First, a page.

Weakly's "source" was dead wrong Around Town, posted by Paul K, a resident of the Southgate neighborhood, on Apr 26, 2007 at 10:47 am
After reading today's Weakly story <Web Link>about the release of the Emily Harrison report, I'm struck by two things.
1. If the allegations made by her co-workers are true, she should have been fired a long time ago but hasn't because it's difficult if not impossible to fire a government employee. I guess Frank Benest recognizes this since he did everything he could to get her fired, and when eh realized it wasn't going to work, began praising her to make the best out of a bad situation.
2. You can't trust the Weakly, particularly when it cites unidentified sources in a story. Go back to the Weakly's April 6th story <Web Link> and look at all the things that were wrong in that report.
On April 4th, Weakly said Gary Baum launched the Harrison investigation. Now we learn it was actually Frank Benest who launched it.
On April 4th, the Weakly said the allegations were made by a "mid-level staffer." Now we learn it was Benest, a top-level staffer, who made the allegations about how she treated others and him.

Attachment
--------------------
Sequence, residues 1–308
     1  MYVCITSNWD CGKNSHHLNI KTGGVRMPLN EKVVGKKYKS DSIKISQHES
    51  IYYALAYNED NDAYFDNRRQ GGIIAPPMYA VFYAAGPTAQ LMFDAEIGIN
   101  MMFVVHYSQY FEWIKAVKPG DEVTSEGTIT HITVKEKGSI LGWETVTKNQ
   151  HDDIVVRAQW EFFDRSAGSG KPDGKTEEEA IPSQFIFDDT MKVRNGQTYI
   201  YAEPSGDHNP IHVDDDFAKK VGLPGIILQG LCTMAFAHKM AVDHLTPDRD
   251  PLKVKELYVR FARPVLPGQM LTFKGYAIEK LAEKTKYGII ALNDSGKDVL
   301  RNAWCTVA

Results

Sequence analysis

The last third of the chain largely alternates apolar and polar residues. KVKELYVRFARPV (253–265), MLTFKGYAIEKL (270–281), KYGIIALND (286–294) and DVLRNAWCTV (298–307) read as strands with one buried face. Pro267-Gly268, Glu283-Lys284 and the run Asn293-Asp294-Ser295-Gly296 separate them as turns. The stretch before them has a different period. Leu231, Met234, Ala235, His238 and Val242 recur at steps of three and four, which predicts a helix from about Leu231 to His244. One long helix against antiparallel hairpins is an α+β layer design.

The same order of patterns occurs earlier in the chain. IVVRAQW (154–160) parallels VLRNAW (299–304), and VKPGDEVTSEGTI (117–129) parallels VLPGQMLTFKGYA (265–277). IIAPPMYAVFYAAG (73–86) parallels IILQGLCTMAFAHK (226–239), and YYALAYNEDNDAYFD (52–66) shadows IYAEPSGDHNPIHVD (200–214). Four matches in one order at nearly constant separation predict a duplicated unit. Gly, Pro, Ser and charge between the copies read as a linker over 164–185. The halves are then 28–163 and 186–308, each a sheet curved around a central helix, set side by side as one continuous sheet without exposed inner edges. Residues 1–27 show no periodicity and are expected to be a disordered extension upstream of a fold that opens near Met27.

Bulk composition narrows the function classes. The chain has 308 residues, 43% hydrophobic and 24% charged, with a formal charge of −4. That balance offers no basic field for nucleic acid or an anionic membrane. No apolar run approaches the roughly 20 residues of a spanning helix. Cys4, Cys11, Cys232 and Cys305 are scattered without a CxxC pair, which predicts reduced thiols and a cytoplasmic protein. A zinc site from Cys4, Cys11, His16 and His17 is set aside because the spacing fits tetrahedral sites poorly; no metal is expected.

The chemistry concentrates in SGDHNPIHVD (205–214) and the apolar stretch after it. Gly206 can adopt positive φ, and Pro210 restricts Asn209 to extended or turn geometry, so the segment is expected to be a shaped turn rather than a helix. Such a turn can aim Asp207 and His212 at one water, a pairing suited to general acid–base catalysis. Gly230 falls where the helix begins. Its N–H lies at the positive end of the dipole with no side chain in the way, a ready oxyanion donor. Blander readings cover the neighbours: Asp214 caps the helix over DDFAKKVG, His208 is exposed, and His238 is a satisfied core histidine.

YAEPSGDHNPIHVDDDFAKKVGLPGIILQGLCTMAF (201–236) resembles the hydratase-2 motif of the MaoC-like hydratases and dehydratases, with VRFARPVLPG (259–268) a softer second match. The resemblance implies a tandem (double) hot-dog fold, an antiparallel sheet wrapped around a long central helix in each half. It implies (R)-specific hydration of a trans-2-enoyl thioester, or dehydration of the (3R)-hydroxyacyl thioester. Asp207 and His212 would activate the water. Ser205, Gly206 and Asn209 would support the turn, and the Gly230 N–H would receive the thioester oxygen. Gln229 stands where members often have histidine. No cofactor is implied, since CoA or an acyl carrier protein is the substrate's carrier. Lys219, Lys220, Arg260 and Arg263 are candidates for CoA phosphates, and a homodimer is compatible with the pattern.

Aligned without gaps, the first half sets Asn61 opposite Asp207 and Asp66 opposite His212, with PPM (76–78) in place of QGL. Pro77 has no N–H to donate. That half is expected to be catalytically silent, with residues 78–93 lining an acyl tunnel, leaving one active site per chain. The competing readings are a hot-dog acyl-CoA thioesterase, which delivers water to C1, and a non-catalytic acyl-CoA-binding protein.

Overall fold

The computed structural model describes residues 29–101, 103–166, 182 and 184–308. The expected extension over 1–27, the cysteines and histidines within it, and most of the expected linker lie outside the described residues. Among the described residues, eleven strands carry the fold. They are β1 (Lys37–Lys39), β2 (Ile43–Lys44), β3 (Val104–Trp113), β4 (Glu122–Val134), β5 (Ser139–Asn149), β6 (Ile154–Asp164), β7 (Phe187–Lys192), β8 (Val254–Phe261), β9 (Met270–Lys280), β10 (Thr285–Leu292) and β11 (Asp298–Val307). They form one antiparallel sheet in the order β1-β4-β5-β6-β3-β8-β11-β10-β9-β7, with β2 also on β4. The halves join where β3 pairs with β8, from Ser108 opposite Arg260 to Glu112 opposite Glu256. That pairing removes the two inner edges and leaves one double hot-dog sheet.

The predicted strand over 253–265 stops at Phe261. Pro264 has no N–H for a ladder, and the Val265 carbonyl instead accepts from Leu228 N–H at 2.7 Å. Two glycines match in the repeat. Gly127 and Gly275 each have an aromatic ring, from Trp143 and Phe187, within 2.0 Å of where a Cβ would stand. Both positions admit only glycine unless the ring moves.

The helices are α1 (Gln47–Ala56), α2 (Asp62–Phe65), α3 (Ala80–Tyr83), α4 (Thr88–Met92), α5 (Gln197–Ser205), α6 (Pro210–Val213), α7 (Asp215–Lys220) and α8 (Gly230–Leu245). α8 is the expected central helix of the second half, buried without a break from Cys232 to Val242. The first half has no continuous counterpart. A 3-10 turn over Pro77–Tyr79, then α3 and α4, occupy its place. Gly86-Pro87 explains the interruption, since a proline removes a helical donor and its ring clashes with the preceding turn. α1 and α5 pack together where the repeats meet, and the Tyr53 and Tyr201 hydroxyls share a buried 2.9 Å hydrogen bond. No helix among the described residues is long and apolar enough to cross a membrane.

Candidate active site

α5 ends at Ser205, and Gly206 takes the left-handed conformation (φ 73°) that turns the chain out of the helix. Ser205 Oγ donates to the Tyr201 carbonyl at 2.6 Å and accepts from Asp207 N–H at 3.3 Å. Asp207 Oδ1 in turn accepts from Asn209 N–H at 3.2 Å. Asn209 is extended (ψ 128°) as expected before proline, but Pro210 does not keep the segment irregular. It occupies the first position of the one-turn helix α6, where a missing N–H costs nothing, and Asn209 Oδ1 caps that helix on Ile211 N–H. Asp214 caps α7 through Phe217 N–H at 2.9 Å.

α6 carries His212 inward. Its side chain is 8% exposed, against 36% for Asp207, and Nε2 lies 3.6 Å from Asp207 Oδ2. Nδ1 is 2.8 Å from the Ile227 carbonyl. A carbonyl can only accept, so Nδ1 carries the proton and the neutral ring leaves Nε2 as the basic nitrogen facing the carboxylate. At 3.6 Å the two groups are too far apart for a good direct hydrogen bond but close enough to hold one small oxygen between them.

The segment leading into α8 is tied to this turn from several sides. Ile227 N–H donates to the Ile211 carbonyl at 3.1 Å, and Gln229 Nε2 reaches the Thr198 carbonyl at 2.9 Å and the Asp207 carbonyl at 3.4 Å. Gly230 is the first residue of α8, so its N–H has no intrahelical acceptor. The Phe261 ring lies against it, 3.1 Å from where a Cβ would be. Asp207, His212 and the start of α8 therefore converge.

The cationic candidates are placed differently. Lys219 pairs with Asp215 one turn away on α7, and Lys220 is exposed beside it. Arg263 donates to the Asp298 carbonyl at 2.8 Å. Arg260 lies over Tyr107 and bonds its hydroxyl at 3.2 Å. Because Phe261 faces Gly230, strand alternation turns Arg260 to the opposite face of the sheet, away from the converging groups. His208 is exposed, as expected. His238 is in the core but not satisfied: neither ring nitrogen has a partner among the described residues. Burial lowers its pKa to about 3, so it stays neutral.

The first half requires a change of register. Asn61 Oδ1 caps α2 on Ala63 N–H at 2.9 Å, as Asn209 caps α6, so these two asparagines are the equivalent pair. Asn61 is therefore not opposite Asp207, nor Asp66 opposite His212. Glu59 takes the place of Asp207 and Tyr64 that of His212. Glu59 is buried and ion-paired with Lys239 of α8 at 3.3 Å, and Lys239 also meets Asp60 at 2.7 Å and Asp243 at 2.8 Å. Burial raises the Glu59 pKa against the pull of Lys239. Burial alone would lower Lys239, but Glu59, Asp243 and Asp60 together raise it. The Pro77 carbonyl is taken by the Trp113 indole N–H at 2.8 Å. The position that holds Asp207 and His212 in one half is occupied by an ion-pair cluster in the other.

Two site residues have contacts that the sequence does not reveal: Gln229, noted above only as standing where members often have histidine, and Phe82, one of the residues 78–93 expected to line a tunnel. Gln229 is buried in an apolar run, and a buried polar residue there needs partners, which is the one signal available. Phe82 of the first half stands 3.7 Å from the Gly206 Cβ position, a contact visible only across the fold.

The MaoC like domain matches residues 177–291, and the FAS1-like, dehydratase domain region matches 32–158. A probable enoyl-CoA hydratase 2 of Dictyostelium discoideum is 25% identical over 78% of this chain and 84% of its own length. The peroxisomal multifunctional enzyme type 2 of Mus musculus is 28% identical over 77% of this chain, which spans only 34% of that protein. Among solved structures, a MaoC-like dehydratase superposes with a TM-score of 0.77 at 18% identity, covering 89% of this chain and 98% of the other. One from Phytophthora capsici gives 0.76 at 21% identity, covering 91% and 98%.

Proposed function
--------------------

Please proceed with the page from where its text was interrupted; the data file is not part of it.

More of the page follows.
The April 4th story sugar-coated the allegations against Harrison, suggesting that the source knew the allegations were much worse and used the Weakly to try and put out the fire. Nothing in that original report discussed her alleged harassment of people based on their political or religious beliefs, her rolling of her eyes, her insubordination, etc.
Did Jay and the Weakly get "used" by their source, or were they trying to help the city with a cover-up?
The original story contains many other inaccuracies which would have never been revealed to the public had the report remained secret. Thank goodness the Daily filed a request to obtain the documents! (The Weakly jumped in and filed its request for the report only after the Daily did so first.)
Since this "source" gave the Weakly bad information, the Weakly should declare that it's promise is anonymity is off and reveal the liar.
It's funny how newspapers always demand transparency from other institutions in society, but when the tables are turned, they cover everything up and ignore their critics.
Posted by Jay Thorwaldson, editor emeritus, on Apr 26, 2007 at 10:23 pm Jay Thorwaldson is a member (registered user) of Palo Alto Online